WESTON — Despite the real estate market booming, the town’s top officials are grappling with projected budget increases and how this could impact taxes.
“It’s important for everyone to understand that whatever has transpired in terms of home sales that really doesn’t change the tax base,” Board of Finance Chair Steve Ezzes said in a recent tri-board meeting. “It doesn’t change the tax base until our next revaluation.”
The meeting between the boards of finance, selectmen and education involved a high-level review of the town as it enters the budget season amid the coronavirus crisis. Officials are already projecting more costs in the upcoming fiscal year and are trying to see how they can craft a budget that doesn’t put too much of a burden on taxpayers.
BOF Vice-Chair Rone Baldwin said the town is currently near the top of its peer group in mill rate — at 32.37. He said the gap between Weston and other peer towns — Westport, New Canaan and Darien — is also becoming more striking as Weston’s mill rate continues to climb.
Board of Education Chair Tony Pesco said town’s with low mill rates are using three tools: bonding, commercial revenue and trying to keep budget increases low or level. Weston has hardly any businesses and so the bulk of the town’s revenue comes from residents’ taxes.
“We basically are using two tools and without a significant source of revenues I think it’s very, very difficult to end up with a mill rate that’s going to be competitive with other towns that have a significant revenue base,” Pesco said.
But BOF member Allan Grauberd said the purpose of discussing this early in the budget season was to determine significant changes that could be made in how town and education services are delivered.
“Or, and this is a big or, come to the conclusion that we are kidding ourselves and that we really can’t,” Grauberd said.
First Selectman Chris Spaulding said department heads are preparing to discuss their individual budgets. He said the town will still face its usual fixed costs, which include contractual obligations that call for 2 percent wage increases.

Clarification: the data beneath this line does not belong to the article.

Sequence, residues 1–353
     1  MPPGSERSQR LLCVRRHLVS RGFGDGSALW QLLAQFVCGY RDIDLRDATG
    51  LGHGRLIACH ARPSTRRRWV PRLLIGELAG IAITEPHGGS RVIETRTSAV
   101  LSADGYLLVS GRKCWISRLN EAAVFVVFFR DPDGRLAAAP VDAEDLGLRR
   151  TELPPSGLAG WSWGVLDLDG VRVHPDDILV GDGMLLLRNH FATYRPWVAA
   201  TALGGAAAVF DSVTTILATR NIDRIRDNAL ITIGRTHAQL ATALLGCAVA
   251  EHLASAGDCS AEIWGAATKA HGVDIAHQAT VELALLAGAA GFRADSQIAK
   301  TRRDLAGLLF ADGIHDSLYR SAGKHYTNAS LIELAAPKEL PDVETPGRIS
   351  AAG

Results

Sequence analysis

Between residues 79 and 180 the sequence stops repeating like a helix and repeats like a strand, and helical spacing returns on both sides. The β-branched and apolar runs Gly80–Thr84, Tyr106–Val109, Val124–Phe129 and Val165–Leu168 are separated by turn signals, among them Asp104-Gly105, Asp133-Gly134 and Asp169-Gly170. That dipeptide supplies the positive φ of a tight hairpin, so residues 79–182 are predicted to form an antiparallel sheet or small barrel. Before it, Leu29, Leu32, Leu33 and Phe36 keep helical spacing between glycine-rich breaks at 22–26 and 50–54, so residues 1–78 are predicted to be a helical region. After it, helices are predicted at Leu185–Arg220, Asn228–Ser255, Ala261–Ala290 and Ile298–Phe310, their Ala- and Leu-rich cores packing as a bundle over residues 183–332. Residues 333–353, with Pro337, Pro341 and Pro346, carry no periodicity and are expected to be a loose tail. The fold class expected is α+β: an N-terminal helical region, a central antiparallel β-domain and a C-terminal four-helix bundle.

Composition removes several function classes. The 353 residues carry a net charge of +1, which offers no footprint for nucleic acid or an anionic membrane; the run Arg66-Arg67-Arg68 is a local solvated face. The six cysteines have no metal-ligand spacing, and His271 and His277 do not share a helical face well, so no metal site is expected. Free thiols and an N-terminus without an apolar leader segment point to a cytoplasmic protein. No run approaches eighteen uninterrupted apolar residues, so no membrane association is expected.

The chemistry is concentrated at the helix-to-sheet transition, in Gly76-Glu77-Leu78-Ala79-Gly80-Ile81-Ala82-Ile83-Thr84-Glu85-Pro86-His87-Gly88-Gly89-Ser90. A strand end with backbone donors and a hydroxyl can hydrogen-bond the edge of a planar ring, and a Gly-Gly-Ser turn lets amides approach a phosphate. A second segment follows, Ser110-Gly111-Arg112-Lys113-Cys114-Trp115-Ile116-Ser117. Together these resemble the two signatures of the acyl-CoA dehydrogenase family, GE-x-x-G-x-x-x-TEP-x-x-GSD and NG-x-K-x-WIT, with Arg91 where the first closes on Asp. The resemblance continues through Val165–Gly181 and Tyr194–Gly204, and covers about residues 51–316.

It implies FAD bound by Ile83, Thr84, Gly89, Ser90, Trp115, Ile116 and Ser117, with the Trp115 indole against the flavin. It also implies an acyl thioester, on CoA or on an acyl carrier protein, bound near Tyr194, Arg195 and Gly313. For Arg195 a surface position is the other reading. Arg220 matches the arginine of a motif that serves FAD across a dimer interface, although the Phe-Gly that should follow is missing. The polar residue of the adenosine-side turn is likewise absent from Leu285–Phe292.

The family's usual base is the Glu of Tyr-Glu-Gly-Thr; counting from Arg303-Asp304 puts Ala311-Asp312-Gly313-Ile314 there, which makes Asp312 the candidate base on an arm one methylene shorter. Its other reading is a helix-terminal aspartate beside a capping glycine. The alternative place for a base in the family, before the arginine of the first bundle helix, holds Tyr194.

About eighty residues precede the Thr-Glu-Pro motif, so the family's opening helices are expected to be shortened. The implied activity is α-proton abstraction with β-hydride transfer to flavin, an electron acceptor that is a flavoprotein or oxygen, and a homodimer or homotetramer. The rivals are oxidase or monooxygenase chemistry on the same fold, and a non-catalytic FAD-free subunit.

“Everyone is extremely aware of the overall situation in town in terms of the concerns of the mill rate growth,” Spaulding said. “They’ve all been told in one way or another that we want to try and keep the budget obviously as low as possible.”
Similarly, Pesco said the school board and the district’s administration are sensitive to the financial situation in town. However, he said the BOE budget is currently projecting a 4 percent increase if no cuts are made.
Town officials voiced frustration earlier in the year among rising school costs when the BOE proposed a $54 million budget for 2020-21, which was a 2.89 percent increase over the previous year.Read Full Article
“We’re reaching an inflection point where 80 percent of our expenses is salaries and benefits,” Pesco said. “That makes the district what it is, but it’s also the place where if we’re looking for significant savings that’s the place where we have to go find it.”
He added he didn’t see this year being much different from the previous when it came to the budget.
“I think our work is going to be as hard as it was last year,” Pesco said, adding the BOE would again need to go line-by-line to make the budget as cost efficient as possible.
Grauberd said the town has to get to a point where it acknowledges what kind of town it wants to be. He said there needs to be a discussion on whether or not the town should make radical changes, though he didn’t provide any examples.
“I want to get to the point — and again this is my personal wish no one else’s — where we recognize what we can do and what we can’t do,” he said.
But Baldwin said there’s a world of difference between a two, three, or four percent increase in a budget. He said he’s under no illusion with a number of pressures on the budget it will require finding opportunities, but work still needs to be done.
“To me that sort of frames what in the end could be success or failure in terms of us,” Baldwin said.